The spanish fly is a tapas bar that I had been dying to try out for a few months. A few of my friends had raved about how beautiful the food was, so when I tried it out, I saw what all the fuss was about! From the Sangria to the octopus, to the mushroom-filled Tortellini, the food reminded me of the many Tapas bars I visited whilst in Barcelona a year ago. I would definitely recommend trying this place out!
This is my signature dish (signature because I make it over and over again at work!) It is the easiest dish to make, and if you follow the few simple instructions, your boscaiola sauce will be thick and creamy!
For the Pasta:
1 cup Flour
1 large egg
1 Tbsp Olive Oil
1 boiled potato, mashed
1 cup ricotta cheese
1/4 cup parmesan
salt and pepper
1 cup cream
1/2 cup bacon pieces
1/2 cup sliced mushroom
1 cup of fresh bread crumbs
For the pasta, mix all the ingredients until a smooth ball forms. Need the dough for ten minutes until soft.
Laminate the dough ten times in a pasta machine and then continue to roll the dough until you reach the smallest setting. Cut the dough into round pieces and cover with a tea towel.
Mix the pasta filling together and place small amounts in the centre of the circular pieces of dough. Fold the dough to form a semi-circle and seal the edges together with water. Fold again to form the Tortelloni shape.
For the Boscaiola sauce, on a high heat fry bacon pieces in a little oil until crispy. Add the mushroom and continue frying until the mushroom pieces are also crispy. Turn the stove to low and add cream, parmesan and pepper and let the sauce bubble away for approx. eight minutes. Do not stir! After the eight minutes the sauce should be dark and thick. Boil the pasta for one minute and then add to the sauce.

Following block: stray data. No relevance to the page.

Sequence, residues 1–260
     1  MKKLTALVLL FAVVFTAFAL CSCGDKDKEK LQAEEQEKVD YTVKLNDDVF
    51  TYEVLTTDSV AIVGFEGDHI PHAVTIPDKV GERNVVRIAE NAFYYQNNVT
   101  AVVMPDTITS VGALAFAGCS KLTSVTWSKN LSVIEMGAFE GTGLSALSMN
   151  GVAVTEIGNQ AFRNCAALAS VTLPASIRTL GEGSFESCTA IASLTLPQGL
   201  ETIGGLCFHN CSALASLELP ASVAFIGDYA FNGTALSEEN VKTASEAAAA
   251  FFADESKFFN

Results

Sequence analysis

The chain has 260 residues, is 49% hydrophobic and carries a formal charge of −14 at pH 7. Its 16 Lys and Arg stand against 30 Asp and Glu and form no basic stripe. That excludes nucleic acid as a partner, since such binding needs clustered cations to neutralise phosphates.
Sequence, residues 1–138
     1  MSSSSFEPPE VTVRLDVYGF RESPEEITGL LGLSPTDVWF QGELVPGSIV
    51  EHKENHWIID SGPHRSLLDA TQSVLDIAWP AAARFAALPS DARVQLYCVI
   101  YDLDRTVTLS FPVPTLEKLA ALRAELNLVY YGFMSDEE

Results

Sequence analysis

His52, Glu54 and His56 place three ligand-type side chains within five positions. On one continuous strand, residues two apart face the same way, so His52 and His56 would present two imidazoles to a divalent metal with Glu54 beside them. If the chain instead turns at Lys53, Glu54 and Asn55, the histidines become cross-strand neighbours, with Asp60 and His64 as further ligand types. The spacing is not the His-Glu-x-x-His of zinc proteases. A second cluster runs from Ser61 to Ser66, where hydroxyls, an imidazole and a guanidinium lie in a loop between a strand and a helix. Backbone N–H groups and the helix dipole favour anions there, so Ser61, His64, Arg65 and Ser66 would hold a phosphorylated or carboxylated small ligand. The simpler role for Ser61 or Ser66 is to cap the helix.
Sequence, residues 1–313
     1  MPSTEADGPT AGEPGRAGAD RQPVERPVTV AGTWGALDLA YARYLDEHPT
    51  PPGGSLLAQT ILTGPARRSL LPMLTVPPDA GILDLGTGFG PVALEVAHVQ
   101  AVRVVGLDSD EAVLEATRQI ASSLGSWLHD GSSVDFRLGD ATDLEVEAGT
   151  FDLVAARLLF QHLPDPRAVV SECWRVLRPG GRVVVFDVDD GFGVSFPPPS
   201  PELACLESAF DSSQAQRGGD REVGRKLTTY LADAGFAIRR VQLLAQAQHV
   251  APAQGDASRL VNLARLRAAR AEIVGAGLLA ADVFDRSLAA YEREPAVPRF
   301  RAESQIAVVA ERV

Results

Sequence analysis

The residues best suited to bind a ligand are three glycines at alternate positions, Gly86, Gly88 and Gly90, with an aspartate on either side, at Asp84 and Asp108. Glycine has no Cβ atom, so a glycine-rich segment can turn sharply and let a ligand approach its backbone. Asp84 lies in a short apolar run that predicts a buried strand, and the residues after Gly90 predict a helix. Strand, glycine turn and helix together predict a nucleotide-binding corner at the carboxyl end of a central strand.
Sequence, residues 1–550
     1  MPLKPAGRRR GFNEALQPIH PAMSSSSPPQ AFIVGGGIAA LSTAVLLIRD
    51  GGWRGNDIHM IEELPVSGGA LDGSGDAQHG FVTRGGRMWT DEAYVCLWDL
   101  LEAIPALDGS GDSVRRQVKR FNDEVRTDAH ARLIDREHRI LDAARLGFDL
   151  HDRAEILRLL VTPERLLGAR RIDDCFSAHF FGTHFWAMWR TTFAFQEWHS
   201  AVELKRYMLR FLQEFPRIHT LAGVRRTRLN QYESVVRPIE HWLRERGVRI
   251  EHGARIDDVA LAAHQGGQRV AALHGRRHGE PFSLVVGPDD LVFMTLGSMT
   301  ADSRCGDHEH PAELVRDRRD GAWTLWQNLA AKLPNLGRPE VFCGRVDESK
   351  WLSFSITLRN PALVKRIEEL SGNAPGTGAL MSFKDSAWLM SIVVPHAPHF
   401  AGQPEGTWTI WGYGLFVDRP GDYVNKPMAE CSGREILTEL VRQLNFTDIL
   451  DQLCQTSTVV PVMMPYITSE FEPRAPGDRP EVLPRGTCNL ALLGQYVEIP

For the Pangritata, add ingredients into a hot pan and fry until all the bread crumbs are golden and toasted. Pour over pasta. Add some crispy pancetta pieces and serve.
My first experience of Italy was everything I had imagined it to be! Vibrant people flooded the narrow alleyways, occasionally deviating into small delicatessens. It was almost as if Italian grocers only sold prosciutto and parmesan cheese. But It was to my excitement that I experienced the most sublime array of delicatessens the world has to offer – Bologna, being home to some of the best! Enormous cured pig legs rimmed the ceiling of the store, followed by a lower rim of dried Italian sausage. The counters were packed with piles of age old parmesan quarters and below the sectioned off cooler was home to some of the most delicate nona-style tortellini, tortolloni and Ravioli. It was as if every Delicatessen in every alley way was having a full-blown pork-fest. Heaven!